Knowing who was involved with this, it's pretty unsettling. You realize how dangerous it can be at times out there and how some people are very determined to continue on their way and not be arrested. —South Ogden Police Chief Darin Parke
SOUTH OGDEN — "Let me see your ... hands! Turn the car off. Turn the car off!" South Ogden Police Sgt. Trent Olsen yelled at the driver he had just pulled over and the passenger in the back seat.
Just before midnight on Dec. 31, Olsen and officer Scott Brown were involved in an intense traffic stop involving a known gang member who not only had a warrant out for his arrest, but also had a history of violence and was known for always being armed.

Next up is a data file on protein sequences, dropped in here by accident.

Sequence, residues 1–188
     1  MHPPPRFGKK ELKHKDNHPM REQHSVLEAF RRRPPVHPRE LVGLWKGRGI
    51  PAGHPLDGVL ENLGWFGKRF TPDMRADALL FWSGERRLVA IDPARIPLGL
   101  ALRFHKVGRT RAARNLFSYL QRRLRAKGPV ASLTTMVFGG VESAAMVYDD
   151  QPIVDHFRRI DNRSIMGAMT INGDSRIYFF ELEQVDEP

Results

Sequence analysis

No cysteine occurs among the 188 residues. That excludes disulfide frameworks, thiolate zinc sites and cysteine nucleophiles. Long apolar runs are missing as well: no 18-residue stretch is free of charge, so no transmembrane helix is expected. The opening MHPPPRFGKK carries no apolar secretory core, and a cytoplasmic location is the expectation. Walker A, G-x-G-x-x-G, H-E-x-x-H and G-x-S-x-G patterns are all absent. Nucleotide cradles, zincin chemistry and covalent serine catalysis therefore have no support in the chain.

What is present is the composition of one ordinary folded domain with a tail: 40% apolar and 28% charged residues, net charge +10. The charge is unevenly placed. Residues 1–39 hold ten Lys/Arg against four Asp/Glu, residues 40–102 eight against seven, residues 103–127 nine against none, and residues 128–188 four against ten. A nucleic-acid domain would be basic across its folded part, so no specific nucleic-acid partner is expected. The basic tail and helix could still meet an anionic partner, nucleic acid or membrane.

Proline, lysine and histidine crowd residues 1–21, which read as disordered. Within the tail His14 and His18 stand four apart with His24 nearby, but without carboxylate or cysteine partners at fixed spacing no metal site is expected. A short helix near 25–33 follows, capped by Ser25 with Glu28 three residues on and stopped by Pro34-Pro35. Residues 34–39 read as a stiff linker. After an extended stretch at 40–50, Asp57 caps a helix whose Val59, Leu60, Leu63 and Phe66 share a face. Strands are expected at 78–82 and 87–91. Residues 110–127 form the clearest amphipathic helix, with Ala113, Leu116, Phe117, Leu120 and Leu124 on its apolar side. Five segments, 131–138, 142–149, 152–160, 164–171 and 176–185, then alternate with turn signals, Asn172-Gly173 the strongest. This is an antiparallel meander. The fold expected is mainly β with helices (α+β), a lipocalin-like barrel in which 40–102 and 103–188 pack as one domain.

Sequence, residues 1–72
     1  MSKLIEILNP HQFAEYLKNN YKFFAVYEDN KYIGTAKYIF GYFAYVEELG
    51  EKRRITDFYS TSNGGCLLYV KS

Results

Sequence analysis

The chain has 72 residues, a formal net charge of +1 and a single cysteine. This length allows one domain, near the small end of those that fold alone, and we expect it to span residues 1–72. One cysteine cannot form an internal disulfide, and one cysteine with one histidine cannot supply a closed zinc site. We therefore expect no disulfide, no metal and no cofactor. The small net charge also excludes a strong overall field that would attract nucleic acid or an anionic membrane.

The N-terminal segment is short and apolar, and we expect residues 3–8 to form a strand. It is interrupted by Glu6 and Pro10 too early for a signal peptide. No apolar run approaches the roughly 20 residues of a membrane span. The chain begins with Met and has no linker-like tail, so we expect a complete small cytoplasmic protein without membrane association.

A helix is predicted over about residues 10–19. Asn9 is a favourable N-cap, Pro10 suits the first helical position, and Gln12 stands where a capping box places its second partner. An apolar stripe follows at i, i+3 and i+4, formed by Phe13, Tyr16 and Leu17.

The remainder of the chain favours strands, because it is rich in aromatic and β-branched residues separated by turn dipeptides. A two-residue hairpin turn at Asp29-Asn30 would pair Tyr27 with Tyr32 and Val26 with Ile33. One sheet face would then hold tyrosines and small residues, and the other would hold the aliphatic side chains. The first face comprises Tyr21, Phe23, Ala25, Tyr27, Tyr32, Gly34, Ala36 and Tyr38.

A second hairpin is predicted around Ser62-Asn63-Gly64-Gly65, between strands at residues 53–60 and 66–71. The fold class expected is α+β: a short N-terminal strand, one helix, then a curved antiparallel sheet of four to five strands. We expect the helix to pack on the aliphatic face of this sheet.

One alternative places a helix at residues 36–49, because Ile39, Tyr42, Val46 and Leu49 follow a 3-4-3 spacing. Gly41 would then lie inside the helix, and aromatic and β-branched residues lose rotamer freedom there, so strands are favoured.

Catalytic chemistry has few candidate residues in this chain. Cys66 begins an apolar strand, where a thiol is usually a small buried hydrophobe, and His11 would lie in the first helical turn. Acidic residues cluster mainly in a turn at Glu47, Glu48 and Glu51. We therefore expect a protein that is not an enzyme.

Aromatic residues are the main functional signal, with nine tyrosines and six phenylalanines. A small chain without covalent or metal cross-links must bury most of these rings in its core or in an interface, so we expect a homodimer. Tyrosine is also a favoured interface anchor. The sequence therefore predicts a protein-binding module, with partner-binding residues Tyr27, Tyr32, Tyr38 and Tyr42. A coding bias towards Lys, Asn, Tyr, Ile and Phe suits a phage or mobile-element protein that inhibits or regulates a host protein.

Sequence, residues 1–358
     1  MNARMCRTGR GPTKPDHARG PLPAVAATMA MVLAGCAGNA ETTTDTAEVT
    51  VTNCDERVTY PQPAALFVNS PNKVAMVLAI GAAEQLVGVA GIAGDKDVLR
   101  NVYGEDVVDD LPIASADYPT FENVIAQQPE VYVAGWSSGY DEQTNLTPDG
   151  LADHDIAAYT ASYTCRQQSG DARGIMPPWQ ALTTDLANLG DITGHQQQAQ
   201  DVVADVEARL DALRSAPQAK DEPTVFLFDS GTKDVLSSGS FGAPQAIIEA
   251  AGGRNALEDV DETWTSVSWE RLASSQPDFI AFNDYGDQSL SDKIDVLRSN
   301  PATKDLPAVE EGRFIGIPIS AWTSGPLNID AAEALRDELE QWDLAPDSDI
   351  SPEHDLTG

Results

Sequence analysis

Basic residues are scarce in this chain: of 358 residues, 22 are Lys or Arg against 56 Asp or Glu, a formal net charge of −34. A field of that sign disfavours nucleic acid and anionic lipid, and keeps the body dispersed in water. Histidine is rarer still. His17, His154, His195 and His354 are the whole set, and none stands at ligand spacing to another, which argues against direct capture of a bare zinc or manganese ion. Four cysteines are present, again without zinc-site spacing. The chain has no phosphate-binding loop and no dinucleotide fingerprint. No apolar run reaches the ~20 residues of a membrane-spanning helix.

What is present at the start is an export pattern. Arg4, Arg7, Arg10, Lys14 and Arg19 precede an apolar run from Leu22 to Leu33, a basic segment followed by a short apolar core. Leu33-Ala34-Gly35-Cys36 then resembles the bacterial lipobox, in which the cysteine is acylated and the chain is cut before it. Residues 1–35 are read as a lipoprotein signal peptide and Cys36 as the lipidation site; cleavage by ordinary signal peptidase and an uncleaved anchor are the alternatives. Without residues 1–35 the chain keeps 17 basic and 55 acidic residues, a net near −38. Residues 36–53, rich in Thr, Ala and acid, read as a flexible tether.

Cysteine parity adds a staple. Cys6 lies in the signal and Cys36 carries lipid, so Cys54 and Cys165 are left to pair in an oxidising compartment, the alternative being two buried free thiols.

The dangerous encounter was captured on the dashcam video from Olsen's patrol car parked behind the suspect's vehicle that was carrying five children. It shows the extreme dangers officers sometimes face when dealing with criminals.
Officers got into a fistfight with Scott Todd Sanders, 30, before they were finally able to restrain and arrest him. Afterward, police said they discovered a gun underneath the seat where he had been sitting, as well as drugs and drug paraphernalia.
Two officers were injured during the struggle, including Olsen, who is expected to miss several weeks of work with a knee injury.
"Knowing who was involved with this, it's pretty unsettling," South Ogden Police Chief Darin Parke said of the incident. "You realize how dangerous it can be at times out there and how some people are very determined to continue on their way and not be arrested."
Making the situation even more dangerous and complex for officers was the fact that there were five children in the vehicle — all between the ages of 2 and 8 — in addition to four adults.